Yes, the GOP movers and shakers are worried sick that they’ll not be able to postpone the inevitable R-word until after the 2020 elections’ season. The booming US economy has been that one issue that’s still a positive factor under the republican President Donald Trump’s administration.
If the inevitable business cycle correction occurs prior to November 2020 where the US economy tanks, the only winning trump card that the Republican Party’s strategists have, is to stoke the “Culture Wars.”
The Trumpian GOP coalition is comprised of White Evangelicals at about 35% of the GOP base, plus those who self identify as White nationalists, White Supremacists, Neo-Nazis and those who sympathize with their sentiments; 2nd amendment gun rights zealots; hard-line anti-immigration advocates against refugees of color, or of the Muslim community, or even of legal immigration; dark money donors, rich folks and business community executives who care more about corporate tax cuts and regulation roll backs, than President Trump’s racist ways or how he compromises US national security interests.
There’s no doubt in my mind that the president’s recent racist rhetoric towards even legal immigration as well as the Central American refugees seeking legal asylum in USA at US SW border along with the current undocumented hard- working folks living in the USA, is how President Trump plans to squeak out an electoral vote map victory.
There’s no room for ambiguity or nuance. Those openly supporting or who are mum regarding President Trump’s current culture wars’ campaign strategy are complicit in his racist activities.
The Dems need to educate the public to the reality of how immigration has contributed to making the USA truly the great country in progress that it is, and how President Trump’s policies threaten this ideal.
Here’s a useful tidbit: “If all undocumented immigrants were deported in 2019, the Social Security trust funds would end up with approximately $13 billion less for benefit payouts in 2020.
See: Associated Press analysis: Immigrants refuse aid for fear it will doom green card hopes
Here’s the rest of the story…
As per a 3/12/2019 Oxford University Press report, “Immigration is beneficial to economies, even after 100 years”
“A new study in the Review of Economic Studies finds that U.S. counties with more historical immigration have higher incomes, less poverty, and lower unemployment today.”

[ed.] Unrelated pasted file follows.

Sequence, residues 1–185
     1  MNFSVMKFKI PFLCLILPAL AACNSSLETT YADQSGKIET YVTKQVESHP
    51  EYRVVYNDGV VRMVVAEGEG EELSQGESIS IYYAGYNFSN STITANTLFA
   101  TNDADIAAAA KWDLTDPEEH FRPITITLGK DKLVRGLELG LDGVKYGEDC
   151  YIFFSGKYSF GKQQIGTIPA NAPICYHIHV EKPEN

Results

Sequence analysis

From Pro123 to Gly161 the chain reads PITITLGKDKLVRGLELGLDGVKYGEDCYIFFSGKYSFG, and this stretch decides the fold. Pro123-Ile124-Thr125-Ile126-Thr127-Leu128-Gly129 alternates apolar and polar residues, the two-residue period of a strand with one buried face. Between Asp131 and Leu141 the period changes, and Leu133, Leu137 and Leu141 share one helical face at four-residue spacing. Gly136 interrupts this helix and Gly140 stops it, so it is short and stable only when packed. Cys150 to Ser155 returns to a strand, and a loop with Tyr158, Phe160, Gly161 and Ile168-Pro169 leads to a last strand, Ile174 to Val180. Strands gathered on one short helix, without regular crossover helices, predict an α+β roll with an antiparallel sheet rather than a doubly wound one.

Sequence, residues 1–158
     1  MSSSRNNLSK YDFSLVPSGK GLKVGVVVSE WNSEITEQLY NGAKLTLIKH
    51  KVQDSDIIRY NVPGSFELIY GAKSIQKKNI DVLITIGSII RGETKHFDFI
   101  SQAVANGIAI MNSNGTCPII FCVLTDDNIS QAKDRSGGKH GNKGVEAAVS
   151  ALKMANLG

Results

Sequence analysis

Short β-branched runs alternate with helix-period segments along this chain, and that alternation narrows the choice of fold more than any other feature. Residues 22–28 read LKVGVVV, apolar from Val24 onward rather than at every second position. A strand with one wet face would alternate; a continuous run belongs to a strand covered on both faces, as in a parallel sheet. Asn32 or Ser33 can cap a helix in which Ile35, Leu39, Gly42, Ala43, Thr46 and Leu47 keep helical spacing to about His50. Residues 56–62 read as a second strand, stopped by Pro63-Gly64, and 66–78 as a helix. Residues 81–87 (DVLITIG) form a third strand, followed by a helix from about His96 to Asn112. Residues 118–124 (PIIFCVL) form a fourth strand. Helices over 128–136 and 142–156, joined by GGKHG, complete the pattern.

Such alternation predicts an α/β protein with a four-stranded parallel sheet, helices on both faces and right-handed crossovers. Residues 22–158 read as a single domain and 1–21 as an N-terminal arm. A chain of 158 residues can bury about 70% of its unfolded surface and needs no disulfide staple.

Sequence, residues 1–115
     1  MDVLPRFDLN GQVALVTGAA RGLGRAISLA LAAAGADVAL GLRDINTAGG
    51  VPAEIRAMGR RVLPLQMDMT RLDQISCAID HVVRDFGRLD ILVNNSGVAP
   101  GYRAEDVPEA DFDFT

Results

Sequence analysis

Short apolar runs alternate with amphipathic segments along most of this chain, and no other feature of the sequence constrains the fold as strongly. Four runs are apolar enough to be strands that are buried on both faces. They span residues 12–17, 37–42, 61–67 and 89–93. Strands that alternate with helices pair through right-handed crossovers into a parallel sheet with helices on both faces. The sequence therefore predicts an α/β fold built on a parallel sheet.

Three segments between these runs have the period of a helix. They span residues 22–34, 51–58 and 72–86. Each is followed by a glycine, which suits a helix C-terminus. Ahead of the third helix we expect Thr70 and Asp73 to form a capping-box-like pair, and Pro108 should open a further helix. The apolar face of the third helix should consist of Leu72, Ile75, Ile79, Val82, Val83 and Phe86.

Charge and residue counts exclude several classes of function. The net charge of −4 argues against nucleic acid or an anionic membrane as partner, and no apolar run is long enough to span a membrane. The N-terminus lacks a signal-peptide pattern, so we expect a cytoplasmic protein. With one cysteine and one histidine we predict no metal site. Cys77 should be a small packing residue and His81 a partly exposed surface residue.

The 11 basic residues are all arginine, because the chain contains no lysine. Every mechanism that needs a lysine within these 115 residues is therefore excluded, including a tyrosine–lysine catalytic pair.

“An important issue in current American political discourse is the effect that immigrants have on the communities in which they settle. The focus has generally been on the short-term effects of immigrants. We know much less about the long-run consequences of immigration.”
“Researchers studied the effects of immigration into the US from 1850 to 1920, a period in which immigration to the country increased dramatically, and the immigration sources also changed. In 1850 over 90% of foreign-born people living in the United States were from Great Britain, Ireland, or Germany. By 1920, this figure was only 45%.”
“The authors found that immigration resulted in benefits that were felt soon after their arrival. Immigration resulted in more and larger manufacturing establishments, greater agricultural productivity, and higher rates of innovation. These findings are consistent with a long-standing narrative suggesting that immigrants contribute to economic growth by providing an ample supply of unskilled labor, as well as a smaller supply of skilled people, who bring with them knowledge and innovations that are important for development.”
“The size of the effects suggest that increasing the percentage of immigrants in a county by 4.9% results in a 13% increase in average per capita income today, a 44% increase in average manufacturing output per capita from 1860-1920 (and a 78% increase in 1930), a 37% increase in farm values, and a 152% increase in the number of patents per capita.”
The researchers also found that these economic benefits did not have long-run social costs. Places with more historical immigrant settlement today have similar levels of social capital, civic participation, and crime rates.